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a reply to: Mandroid7

Totally agree with you, i test water for desalination and brine concentration plants.
Potable water doesn't mean it's good for you, the biggest problem with rain catchments is Ecoli and other bacteria.



posted on Jan, 23 2015 @ 09:27 PM
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How on earth can that be positive?
2oo billion litres for 20 million people is 1000 litres each.
During the worst of the drought here, the goal was 88 litres usage per day - this is for Melbourne, a city close to 4 million people.
At that rate, Sao Paulo has 11 days reserve.
If US usage rates were used, they'd have three days water at most, given figures of approx. 100 gallons per day average US per capita water usage figures from the USGS - over 400 litres.
As for bottled water, I don't get your argument.
This is far from sensationalist and won't be solved by not drinking bottled water.
The forests you walk in are far from Sao Paulo, whatever sources you find certainly aren't around there.
Its having a major effect - noticed that North American beef prices have risen 9% the past year? The cows for your burgers, raised in Brazil, aren't there anymore. This drought has seen to that.
If their drought does break, prices will rise far more rapidly, it's called restocking.
Just don't understand how you can see a positive or claim sensationalism,


a reply to: DrumsRfun



posted on Jan, 23 2015 @ 09:46 PM
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water will never run out. after all, where does it go ?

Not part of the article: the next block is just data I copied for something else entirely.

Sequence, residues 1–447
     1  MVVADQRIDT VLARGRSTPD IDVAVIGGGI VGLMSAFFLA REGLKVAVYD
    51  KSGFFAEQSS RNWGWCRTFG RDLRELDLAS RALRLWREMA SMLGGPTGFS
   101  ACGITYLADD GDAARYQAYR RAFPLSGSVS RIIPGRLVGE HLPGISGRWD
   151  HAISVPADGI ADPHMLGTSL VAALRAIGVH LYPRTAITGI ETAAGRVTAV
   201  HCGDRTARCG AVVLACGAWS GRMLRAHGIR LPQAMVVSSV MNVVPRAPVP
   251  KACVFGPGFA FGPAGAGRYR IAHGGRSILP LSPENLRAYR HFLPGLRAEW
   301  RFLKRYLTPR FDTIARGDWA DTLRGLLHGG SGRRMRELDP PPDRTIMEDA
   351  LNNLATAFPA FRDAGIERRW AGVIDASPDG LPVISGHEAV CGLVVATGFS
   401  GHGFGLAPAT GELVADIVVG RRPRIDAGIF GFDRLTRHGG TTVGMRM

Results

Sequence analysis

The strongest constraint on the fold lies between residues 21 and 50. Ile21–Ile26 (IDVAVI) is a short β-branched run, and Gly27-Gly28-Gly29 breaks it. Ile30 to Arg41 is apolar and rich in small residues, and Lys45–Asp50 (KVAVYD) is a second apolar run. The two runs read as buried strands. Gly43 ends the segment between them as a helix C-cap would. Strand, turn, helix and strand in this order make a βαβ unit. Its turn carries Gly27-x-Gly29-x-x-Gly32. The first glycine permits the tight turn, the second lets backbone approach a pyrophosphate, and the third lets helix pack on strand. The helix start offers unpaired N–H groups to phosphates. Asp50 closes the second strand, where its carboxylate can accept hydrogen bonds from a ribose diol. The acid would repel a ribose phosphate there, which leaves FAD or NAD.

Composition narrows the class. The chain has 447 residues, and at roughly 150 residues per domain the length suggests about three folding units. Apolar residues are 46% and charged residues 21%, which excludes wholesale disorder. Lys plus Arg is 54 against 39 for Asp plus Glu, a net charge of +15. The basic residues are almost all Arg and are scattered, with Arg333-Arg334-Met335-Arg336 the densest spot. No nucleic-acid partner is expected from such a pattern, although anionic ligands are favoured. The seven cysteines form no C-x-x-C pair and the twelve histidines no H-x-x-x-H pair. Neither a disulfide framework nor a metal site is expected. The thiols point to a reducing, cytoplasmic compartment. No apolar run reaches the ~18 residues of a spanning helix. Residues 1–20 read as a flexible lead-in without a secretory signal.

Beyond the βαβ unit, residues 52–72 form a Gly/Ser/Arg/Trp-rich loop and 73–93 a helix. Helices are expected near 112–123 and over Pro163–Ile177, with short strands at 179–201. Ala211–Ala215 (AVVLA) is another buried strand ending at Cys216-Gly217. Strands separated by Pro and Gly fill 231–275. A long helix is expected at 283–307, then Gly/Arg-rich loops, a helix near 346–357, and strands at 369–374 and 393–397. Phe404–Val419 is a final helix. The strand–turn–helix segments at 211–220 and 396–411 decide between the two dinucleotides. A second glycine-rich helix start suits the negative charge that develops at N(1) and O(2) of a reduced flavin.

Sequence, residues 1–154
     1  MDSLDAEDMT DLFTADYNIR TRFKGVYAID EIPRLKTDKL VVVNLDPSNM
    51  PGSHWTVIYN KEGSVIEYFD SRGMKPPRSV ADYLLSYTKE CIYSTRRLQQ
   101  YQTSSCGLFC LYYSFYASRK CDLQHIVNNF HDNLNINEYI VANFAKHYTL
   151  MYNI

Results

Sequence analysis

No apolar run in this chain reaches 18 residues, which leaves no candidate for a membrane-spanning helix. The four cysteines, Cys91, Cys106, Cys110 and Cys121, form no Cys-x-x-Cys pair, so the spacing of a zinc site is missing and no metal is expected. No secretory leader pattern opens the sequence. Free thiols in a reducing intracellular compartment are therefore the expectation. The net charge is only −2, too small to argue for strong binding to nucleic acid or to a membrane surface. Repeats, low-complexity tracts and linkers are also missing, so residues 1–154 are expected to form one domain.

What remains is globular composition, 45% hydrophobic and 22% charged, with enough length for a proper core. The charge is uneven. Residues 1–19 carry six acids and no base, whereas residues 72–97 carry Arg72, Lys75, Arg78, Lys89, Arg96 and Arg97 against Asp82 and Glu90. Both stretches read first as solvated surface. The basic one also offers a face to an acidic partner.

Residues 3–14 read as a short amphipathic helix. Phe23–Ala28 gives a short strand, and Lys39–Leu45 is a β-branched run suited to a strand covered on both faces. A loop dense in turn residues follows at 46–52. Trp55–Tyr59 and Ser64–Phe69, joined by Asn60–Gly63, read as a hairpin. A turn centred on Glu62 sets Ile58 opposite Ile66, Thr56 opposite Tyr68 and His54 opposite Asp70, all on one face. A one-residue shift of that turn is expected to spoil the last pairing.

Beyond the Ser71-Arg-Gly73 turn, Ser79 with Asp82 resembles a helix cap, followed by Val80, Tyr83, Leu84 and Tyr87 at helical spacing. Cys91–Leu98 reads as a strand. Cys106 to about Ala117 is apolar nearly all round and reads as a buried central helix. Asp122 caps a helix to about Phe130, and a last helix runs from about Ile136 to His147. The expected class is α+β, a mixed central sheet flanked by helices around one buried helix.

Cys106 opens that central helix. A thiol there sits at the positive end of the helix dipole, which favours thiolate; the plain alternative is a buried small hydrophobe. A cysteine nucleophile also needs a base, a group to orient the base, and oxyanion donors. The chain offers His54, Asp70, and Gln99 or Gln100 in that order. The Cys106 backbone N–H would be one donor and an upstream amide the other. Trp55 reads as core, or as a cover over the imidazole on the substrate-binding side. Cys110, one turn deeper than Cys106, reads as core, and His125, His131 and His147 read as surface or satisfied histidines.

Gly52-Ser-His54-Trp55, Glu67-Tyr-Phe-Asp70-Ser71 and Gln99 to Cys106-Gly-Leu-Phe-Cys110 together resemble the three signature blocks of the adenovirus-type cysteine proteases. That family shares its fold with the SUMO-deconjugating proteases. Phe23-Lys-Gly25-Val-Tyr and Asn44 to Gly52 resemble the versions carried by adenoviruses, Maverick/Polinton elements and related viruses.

Back up and back down....its a cycle, water will never run out.... the quality may diminish,

On the other hand, oil will certainly run out, the lubrication of ones tectonic plates will become dry

leading to more violent earth quakes. I believe the oil is there for a reason.

We are abusing it.



posted on Jan, 23 2015 @ 09:51 PM
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Yep,

Don't forget to turn your spicket off after watering your lawn IN THE DESERT and filling the swimming pool.

Not specifically pointing at any one member here.



posted on Jan, 23 2015 @ 10:32 PM
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originally posted by: scubagravy
water will never run out. after all, where does it go ?

Back up and back down....its a cycle, water will never run out.... the quality may diminish,

On the other hand, oil will certainly run out, the lubrication of ones tectonic plates will become dry

leading to more violent earth quakes. I believe the oil is there for a reason.

We are abusing it.


Do you actually believe that buried oil lubricates the tectonic plates?



posted on Jan, 23 2015 @ 11:14 PM
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Yay capitalism!


It isn't Capitalism. It's Cronyism. Know the difference.



posted on Jan, 24 2015 @ 12:22 AM
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Exactly...you have to have some type of treatment process like UV sterilization aside from your 0ppm ro membrane w charcoal setup for drinking ...That would handle the nasties, not require chems and be a relatively cheap setup.

You could also bypass your filters to add lifespan between changes, to run toilets on, as well as a higher flow filter for showers, as long as the tank is UV sterilized.

You could handle it by installing submersible lamp directly into holding tank.
You would need some sort of indicator like an led/buzzer for notification if it burns out.

Your dishes, glasses and car would appreciate it and be squeaky clean from the lack of minerals.



posted on Jan, 24 2015 @ 08:04 AM
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Earthquakes occur quite deep The 2011 Japanese earthquake was considered shallow and occurred at a depth of 32km.
The deepest oil well is just shy of 11km. So apart from some interesting chemistry resulting from the pressure and temperature at this depth, We're still 20km shy of the earthquake zone. Lots of oil deposits occurred with the Permian dieoff, 395 million years ago. For them to be forced so far downward, the heat and pressure would expel any liquids contained within.